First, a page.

Innovation Grant to University of Illinois at Chicago

ExxonMobil Foundation President Ed Ahnert presenting check to University of Illinois at Chicago team members John Baldwin, Phil Wagreich, Sheila McNicholas, Mercedes McGowen, and Sunil Koswatta.

Washington, D.C.óThe Department of Mathematics, Statistics, and Computer Science at the University of Illinois at Chicago has received a $3,000 innovation grant from the ExxonMobil Foundation to improve the quality of the mathematics education of teachers. Members of the grantís project team are: Philip Wagreich, Director of the Institute for Mathematics and Science Education, John Baldwin, Interim Head of the Department of Mathematics, Victoria Chou, Dean of the College of Education, Mercedes McGowen of Harper College, and Sheila McNicholas of Truman College.  

According to last yearís Glenn commission report Before Itís Too Late, the most direct route to improving mathematics achievement for all students is better mathematics teaching. The ExxonMobil Foundation is offering a total of twelve grants nationwide in support of the belief that the mathematics community can lead the way in providing good models for building the kinds of cooperative efforts needed for long-term improvement of teacher education.  

The grant awarded to UIC, announced at the recent National Summit on the Mathematical Education of Teachers, will allow the planning team to fund the development of a comprehensive plan for improving the quality and number of future elementary, middle school, and secondary teachers graduating from UIC.  Since a significant proportion of UIC graduates begin their academic careers at community colleges, the plan will be developed in collaboration with the UIC College of Education and with urban and suburban community colleges including Harper College and Truman College.  This plan will build upon the work of the UIC - Community College Collaborative for Excellence in Teacher Preparation, which is funded by the National Science Foundation.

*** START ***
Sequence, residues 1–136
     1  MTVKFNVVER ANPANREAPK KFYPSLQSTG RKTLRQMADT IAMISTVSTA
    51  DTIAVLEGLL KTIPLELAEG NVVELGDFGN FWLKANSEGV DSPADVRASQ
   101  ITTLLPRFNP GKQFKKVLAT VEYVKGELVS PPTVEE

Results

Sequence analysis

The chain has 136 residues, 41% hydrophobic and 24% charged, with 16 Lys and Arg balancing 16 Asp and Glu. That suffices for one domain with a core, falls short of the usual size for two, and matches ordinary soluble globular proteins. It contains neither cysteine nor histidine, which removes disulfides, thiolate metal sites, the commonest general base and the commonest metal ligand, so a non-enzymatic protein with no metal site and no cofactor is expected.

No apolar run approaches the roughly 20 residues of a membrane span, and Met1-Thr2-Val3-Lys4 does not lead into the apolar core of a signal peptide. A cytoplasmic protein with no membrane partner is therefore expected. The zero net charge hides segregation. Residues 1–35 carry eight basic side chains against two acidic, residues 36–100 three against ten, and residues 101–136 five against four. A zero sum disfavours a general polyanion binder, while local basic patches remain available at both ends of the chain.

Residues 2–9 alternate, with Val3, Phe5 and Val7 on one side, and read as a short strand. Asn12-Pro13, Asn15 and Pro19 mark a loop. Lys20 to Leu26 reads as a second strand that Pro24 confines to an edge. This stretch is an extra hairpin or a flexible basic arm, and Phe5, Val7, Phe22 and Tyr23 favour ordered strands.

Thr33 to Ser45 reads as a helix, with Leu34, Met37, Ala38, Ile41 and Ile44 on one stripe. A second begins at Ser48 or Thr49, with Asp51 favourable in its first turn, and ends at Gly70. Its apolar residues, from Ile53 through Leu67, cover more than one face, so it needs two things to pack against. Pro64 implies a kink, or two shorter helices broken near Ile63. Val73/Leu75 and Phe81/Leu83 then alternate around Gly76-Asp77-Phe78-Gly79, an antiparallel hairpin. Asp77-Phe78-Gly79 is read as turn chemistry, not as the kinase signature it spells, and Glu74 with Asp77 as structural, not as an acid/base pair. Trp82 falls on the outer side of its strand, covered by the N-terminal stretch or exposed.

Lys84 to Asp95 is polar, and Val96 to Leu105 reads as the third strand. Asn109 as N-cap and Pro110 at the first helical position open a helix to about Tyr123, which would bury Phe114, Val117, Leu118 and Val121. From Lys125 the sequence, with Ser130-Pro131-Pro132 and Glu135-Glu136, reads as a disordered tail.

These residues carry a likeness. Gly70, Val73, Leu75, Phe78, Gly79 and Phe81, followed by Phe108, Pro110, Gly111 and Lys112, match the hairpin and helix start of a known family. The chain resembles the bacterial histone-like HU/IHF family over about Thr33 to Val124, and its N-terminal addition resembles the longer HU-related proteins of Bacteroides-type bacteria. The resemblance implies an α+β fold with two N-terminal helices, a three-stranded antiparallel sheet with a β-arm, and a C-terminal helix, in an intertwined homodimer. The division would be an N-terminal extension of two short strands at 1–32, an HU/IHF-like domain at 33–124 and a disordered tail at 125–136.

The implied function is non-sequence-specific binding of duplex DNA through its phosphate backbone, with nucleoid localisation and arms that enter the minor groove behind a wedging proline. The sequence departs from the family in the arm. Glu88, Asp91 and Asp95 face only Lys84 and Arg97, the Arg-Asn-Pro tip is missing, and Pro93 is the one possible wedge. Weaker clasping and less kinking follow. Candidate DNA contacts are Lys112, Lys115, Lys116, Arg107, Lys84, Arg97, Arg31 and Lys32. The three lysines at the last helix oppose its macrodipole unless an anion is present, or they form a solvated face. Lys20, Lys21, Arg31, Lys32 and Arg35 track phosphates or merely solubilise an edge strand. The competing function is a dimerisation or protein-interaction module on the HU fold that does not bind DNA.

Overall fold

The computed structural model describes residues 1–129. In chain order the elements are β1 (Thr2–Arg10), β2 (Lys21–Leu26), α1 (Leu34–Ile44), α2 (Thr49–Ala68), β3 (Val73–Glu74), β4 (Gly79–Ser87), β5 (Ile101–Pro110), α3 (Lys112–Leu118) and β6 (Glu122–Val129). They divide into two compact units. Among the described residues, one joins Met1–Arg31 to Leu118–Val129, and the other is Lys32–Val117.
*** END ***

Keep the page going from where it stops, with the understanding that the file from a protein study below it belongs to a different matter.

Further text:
The Collaborative, which involves UIC, three Chicago community colleges, and three suburban community colleges, has focused on five areas of concern in improving the quality and quantity of future school teachers: faculty development, recruitment, curriculum development, mentoring and induction, and research.  The Collaborative encompasses work in both mathematics and science education. The work of the Collaborative has helped prepare the way for a systemic review of teacher preparation programs. 

It is hoped that the work at UIC will provide a model for mathematics teacher preparation at an urban public university.